Sling shots, also known as hand catapults or wrist cannons, are a small hand-powered weapon invented and used since the 18th century as a military weapon. It is an impressive hunting weapon as it is generally easy to use and launches projectiles at high velocities. Over the years, it has become popular among children and preteens, used in games or as a toy. Steel balls are usually used as sling shot ammunition, but some use stones, marbles, and air gun pellets.1 We report a case of sling shot injury that presented with a gunshot-like wound with preseptal cellulitis.

Case report

An 11-month-old boy was brought in to the emergency department following a sling shot injury over the forehead. The mother was unsure of the mechanism of injury. She mentioned that she was busy in the kitchen and told her eldest child, an 11-year-old daughter, and her 6-year-old son to look after the 11-month-old baby boy. They were playing with a sling shot during that time. She only rushed out when she heard a loud cry from the living room and noticed both her older children running away to their room. Her baby was crying on the floor, and there was profuse bleeding from his forehead.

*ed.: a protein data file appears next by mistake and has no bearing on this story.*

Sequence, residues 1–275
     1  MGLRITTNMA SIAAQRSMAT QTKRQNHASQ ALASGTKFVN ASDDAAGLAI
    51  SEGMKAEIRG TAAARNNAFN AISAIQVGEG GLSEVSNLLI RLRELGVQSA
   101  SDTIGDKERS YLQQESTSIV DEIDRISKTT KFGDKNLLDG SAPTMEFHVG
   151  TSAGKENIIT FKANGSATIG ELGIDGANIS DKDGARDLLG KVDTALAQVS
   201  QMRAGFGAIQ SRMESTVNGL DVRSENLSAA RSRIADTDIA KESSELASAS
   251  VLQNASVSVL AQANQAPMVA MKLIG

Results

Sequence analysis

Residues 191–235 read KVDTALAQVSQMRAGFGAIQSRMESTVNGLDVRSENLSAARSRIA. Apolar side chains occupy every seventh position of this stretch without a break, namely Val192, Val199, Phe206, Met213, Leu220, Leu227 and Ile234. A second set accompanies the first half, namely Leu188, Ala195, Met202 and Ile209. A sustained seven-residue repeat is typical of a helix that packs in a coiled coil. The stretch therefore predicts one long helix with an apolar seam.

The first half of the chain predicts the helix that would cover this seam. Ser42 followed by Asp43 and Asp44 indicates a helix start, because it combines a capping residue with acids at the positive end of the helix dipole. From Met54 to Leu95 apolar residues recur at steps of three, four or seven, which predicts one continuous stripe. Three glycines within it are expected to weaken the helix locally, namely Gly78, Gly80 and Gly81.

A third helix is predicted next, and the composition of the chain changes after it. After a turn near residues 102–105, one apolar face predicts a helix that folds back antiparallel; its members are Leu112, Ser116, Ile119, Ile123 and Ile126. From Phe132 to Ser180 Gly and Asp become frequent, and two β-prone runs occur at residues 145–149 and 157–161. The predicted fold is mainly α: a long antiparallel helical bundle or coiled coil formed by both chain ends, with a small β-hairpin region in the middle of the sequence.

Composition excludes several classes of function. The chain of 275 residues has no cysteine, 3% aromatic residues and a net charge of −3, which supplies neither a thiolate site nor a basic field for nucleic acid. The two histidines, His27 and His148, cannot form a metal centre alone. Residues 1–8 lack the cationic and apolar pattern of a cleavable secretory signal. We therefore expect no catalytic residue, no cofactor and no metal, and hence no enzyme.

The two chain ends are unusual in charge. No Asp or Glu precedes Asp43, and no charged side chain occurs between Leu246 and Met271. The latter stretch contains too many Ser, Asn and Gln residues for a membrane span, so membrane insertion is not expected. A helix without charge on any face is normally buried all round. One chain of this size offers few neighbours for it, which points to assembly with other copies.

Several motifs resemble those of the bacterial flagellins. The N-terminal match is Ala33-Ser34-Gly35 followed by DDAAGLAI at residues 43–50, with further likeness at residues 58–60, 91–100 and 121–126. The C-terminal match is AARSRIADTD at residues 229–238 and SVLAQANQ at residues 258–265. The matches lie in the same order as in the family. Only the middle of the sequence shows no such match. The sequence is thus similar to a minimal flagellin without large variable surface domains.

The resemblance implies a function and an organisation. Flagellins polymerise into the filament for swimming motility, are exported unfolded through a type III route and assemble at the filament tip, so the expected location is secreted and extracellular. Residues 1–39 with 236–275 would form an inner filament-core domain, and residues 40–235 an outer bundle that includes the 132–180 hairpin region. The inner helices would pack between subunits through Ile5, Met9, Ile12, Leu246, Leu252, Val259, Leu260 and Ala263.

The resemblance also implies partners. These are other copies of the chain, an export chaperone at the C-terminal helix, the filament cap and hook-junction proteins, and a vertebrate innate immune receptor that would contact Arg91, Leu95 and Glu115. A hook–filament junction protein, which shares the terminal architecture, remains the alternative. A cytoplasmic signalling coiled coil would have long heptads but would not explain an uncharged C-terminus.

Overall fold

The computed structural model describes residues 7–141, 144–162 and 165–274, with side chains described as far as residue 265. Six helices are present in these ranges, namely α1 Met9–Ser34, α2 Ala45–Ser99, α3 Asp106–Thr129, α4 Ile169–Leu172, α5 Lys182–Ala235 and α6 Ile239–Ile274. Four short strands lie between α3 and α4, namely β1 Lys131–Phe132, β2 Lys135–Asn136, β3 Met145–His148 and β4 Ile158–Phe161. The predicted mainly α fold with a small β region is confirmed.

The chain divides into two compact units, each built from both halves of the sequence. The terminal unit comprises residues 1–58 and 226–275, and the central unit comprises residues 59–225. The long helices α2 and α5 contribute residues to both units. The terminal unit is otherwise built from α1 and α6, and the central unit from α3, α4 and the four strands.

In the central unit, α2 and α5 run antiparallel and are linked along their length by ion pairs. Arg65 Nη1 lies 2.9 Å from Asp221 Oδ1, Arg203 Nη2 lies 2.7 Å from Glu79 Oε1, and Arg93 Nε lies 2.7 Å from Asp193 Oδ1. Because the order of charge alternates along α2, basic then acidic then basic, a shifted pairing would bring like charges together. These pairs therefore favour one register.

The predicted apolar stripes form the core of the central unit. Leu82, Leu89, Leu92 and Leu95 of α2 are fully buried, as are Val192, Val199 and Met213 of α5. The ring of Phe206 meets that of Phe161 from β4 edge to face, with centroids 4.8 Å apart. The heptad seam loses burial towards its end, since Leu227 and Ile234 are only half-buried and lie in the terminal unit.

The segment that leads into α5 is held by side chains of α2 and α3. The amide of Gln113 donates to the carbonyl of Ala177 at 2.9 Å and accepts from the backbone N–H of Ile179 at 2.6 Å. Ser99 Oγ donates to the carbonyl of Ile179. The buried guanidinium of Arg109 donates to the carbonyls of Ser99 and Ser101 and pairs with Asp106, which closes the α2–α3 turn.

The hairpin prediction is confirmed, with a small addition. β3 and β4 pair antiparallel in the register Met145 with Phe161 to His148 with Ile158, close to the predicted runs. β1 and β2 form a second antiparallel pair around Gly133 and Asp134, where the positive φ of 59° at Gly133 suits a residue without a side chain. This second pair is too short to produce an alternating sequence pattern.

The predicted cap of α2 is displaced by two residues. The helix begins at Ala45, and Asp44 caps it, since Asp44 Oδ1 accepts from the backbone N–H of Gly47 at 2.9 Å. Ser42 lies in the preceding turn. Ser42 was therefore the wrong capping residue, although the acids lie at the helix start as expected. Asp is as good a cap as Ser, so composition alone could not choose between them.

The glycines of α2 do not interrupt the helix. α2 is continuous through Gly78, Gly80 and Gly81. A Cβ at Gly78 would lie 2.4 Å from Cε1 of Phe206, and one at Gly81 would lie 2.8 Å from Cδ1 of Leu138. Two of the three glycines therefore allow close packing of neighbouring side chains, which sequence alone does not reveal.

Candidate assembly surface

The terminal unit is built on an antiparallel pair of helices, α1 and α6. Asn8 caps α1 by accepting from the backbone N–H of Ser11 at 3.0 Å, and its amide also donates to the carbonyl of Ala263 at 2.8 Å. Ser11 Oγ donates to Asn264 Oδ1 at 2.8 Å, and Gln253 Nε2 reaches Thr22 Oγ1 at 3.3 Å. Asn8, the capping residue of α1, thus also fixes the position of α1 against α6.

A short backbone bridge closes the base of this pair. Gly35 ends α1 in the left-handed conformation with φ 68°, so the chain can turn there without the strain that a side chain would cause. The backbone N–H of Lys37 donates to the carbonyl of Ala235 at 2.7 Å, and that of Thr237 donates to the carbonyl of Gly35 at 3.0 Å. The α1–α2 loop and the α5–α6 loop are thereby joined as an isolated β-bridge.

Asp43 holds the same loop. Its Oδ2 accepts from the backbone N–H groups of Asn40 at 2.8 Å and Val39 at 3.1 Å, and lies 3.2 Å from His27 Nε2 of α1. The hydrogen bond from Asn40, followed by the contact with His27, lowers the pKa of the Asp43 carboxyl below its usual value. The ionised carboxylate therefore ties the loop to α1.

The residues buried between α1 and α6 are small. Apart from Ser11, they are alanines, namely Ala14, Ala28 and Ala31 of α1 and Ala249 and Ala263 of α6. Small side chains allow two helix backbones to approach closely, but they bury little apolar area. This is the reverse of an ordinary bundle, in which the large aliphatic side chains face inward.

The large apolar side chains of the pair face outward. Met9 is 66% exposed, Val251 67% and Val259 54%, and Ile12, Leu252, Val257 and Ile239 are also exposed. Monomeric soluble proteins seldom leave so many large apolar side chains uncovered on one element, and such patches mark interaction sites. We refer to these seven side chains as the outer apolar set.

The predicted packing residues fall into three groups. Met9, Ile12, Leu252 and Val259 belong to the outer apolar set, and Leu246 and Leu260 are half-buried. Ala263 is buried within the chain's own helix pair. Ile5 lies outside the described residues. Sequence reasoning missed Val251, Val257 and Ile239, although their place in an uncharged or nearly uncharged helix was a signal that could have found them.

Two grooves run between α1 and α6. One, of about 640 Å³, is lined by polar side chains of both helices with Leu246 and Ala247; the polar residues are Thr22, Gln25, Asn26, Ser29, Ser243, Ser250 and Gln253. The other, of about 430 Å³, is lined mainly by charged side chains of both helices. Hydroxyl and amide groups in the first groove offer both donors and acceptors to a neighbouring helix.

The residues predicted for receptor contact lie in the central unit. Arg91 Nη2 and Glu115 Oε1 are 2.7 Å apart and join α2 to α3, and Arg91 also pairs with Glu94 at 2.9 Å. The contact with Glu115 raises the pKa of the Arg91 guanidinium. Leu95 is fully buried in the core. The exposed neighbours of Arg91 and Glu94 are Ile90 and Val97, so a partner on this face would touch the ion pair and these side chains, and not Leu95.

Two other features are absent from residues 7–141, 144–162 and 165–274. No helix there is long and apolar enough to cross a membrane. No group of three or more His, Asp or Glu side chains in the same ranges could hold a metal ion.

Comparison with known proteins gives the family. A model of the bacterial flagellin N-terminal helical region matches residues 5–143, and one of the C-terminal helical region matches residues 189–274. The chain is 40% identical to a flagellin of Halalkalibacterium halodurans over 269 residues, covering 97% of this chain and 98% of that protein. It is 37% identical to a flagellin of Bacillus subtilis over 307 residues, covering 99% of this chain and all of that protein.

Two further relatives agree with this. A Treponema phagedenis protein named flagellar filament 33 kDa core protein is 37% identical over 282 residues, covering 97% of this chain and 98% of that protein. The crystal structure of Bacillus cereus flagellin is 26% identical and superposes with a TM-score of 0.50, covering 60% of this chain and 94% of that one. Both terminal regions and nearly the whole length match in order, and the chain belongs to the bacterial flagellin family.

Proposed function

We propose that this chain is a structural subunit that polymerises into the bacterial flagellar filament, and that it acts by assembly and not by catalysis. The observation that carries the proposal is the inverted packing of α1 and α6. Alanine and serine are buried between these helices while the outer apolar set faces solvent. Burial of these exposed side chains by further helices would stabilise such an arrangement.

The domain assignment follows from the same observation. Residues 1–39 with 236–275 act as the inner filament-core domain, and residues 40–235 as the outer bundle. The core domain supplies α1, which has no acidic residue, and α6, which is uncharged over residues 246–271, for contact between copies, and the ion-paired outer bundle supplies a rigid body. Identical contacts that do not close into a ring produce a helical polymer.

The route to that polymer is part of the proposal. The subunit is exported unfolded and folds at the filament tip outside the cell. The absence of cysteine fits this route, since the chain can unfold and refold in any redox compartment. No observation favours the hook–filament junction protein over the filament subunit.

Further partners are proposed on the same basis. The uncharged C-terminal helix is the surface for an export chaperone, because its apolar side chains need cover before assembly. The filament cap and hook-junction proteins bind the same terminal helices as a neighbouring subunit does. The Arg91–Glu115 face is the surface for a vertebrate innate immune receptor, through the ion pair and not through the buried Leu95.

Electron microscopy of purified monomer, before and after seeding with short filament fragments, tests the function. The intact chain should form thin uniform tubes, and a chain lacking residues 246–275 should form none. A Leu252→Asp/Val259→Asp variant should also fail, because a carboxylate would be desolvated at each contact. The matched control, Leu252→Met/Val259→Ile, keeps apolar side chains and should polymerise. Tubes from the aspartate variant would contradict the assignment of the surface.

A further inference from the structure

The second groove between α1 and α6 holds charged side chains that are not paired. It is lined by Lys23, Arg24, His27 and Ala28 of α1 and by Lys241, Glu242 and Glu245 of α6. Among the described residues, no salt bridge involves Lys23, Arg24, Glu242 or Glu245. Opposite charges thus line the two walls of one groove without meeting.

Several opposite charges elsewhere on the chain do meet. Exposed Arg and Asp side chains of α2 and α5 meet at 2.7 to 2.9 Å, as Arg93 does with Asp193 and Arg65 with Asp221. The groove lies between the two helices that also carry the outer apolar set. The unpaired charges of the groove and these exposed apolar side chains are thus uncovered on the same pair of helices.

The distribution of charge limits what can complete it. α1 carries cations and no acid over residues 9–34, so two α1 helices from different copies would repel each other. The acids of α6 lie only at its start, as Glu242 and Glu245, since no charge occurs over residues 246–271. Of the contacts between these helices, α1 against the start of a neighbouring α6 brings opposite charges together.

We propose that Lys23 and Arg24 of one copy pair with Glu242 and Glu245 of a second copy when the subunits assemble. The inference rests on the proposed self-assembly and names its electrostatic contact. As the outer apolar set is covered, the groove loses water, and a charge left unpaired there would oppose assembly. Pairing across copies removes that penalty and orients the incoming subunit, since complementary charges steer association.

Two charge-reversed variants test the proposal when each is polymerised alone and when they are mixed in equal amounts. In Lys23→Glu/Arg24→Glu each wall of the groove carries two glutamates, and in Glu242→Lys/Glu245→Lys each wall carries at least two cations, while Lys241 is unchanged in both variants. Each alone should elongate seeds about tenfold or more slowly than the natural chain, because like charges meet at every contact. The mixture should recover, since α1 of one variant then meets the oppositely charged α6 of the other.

On examination at the emergency unit, the child was alert and conscious. He had a deep circular laceration wound over the forehead, just above the left eyebrow, measuring 2.0 cm in diameter and resembling a gunshot-like wound, with minimal bleeding (Figure 1). There was no obvious foreign body seen inside the wound and no palpable foreign body surrounding the wound. The left upper eyelid was swollen and erythematous. Anterior segment examination showed subconjunctival hemorrhage superiorly, associated with chemosis. The cornea and sclera were normal, with a deep anterior chamber and reactive pupil. There was no relative afferent pupillary defect, suggesting no optic nerve involvement. Posterior segment examination was unremarkable.

Figure 1 Gunshot-like wound over the forehead with left preseptal cellulitis.